PM response assays
Mouse PMs were isolated as previously described (Xiao et al., 2009). In brief, mice of the indicated genotypes were injected i.p. with Brewer’s modified thioglycolate (3% wt/vol; BD Biosciences). Macrophages were collected by peritoneal lavage with 5 ml of PBS on day 4 after injection. The PMs were cultured at 37°C in 95% air and 5% CO2 in DMEM cell culture medium (DMEM containing 10% vol/vol FBS [Gemini Bio Products] and 1% vol/vol penicillin and streptomycin [Life Technologies]).
For TNF and type I IFN production assays, macrophages were preplated onto 96-well plates at a density of 5 × 104 cells/well overnight or for 3 d (specifically for TLR3 signaling). Cells were incubated with varying concentrations of TLR agonists as follows: LPS (125, 250, 500, and 1,000 pg/ml), poly(I:C) (12.5, 25, 50, and 100 µg/ml), Pam3CSK4 (12.5, 25, 50, and 100 ng/ml), R848 (2.5, 5, 10, and 20 ng/ml), CpG-ODN 1668 (62.5, 125, 250, and 500 µg/ml), and MALP2 (12.5, 25, 50, and 100 pg/ml), or left unstimulated at 37°C for 4 h. Culture medium was collected for ELISAs. Cells were subjected to an MTT assay (Sigma-Aldrich) for normalization.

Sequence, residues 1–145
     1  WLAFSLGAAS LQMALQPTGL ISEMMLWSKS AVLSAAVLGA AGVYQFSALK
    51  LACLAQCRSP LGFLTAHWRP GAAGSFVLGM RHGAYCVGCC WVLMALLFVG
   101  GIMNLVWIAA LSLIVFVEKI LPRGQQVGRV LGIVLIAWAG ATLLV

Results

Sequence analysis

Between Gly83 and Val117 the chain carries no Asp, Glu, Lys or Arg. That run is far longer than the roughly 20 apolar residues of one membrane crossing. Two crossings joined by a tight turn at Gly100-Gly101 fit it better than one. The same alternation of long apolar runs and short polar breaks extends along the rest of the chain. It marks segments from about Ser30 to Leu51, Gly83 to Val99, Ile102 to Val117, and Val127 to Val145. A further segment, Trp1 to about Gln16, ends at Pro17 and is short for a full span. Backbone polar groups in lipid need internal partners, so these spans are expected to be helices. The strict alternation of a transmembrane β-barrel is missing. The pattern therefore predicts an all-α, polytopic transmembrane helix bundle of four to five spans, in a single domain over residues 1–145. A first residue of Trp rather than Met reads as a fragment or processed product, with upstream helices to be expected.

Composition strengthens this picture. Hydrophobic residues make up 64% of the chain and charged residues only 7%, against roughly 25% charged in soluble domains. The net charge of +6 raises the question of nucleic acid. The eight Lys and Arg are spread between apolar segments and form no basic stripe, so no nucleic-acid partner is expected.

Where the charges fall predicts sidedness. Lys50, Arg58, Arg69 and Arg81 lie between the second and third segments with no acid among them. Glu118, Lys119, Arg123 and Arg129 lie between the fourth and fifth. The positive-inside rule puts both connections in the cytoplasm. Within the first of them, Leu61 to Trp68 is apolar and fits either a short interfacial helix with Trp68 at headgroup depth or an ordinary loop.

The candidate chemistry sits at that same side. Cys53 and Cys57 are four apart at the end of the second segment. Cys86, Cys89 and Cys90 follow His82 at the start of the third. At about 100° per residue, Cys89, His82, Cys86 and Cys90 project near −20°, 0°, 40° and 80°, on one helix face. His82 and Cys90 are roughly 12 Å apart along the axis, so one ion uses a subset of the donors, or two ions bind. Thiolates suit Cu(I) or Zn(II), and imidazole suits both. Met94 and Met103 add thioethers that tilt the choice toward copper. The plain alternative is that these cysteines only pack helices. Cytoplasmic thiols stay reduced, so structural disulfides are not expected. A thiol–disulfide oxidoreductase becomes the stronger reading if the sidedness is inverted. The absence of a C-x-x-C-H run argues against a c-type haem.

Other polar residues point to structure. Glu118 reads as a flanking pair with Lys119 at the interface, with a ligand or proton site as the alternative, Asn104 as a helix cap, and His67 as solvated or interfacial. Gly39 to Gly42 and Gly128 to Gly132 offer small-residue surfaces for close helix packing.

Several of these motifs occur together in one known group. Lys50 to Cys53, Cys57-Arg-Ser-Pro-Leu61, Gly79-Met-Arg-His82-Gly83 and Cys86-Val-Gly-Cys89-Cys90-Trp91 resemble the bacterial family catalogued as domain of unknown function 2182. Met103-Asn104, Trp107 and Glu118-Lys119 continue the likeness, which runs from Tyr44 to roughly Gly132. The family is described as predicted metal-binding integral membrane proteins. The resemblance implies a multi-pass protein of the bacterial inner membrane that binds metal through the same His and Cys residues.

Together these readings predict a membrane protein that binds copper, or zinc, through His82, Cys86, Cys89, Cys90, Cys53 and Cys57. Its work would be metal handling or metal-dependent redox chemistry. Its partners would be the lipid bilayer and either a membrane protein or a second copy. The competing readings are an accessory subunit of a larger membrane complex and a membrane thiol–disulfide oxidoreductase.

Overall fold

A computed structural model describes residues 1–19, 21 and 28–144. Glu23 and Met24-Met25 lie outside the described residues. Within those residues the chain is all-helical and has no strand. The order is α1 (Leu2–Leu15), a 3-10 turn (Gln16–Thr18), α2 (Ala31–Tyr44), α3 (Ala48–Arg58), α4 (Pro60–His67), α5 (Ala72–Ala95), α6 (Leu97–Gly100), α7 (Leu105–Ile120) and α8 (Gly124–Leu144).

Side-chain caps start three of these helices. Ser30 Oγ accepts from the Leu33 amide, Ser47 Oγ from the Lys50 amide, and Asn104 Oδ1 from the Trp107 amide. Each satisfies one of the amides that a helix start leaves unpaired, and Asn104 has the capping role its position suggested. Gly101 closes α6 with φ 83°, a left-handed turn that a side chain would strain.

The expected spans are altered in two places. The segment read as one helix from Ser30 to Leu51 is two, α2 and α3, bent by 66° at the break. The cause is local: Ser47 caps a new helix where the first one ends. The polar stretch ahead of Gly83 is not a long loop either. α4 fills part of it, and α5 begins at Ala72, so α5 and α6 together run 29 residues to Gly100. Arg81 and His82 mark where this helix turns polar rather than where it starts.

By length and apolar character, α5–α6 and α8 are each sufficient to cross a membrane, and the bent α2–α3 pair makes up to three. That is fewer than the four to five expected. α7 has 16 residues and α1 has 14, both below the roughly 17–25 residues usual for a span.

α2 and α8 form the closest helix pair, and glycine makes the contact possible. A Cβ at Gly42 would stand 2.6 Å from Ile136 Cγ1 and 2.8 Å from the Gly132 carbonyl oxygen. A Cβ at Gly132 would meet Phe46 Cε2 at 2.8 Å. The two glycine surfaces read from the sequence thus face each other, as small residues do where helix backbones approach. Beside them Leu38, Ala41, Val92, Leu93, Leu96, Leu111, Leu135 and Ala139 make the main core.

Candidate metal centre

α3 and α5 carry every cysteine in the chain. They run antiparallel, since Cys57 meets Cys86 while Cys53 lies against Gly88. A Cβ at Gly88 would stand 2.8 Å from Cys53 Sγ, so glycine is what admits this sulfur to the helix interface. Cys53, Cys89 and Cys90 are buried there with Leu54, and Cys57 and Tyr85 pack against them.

For poly(I:C) artificial internalization, macrophages were transfected with DOTAP liposomal transfection reagent (Roche Applied Science) according to the manufacturer’s instructions. 24 h later, culture medium was collected for ELISA.
Total RNA was extracted and purified with TRIzol reagent (Life Technologies) and reverse-transcribed using SuperScript III First-Strand Synthesis SuperMix (Life Technologies) according to the manufacturer’s instructions. Quantitative PCR was performed using the StepOnePlus Real-Time PCR System (Life Technologies). The mRNA levels of the genes of interest were normalized to Gapdh, and relative gene expression was calculated using the 2–ΔΔCt method, where ΔΔCt = ΔCt,sample − ΔCt,reference. The following primers were used for qRT-PCR: 5′-TTGTCTTCTGCACGAACCTG-3′, 5′-CGCAACGCAAGGATTTTATT-3′ (Tlr3); 5′-AGGATTTCTGGGACTCCACTGA-3′, 5′-TAGAAATGGTGTCCTGAAAGGTTCT-3′ (Trail); 5′-CTCTCAGGAGCAGTGAGTGCAT-3′, 5′-GCTGGAGGGCAAATCATTATTC-3′ (Iigp1); 5′-AGACCCGTGCCGTTGGT-3′, 5′-GAAGGCTGAGATGAACTGATCCA-3′ (Ifi47); 5′-TGGACTGGACCTGGAGACAGA-3′, 5′-GCGATCTTCATTCCATACAGCAT-3′ (Mov10); 5′-GGCCCTCTCAGTAAAGTCAGTGA-3′, 5′-GGTGGATACCGTCAACATTCTTAGA-3′ (Hcfc2); and 5′-TCATGACCACAGTCCATGCCAT-3′, 5′-GCCTGCTTCACCACCTTCTT-3′ (Gapdh).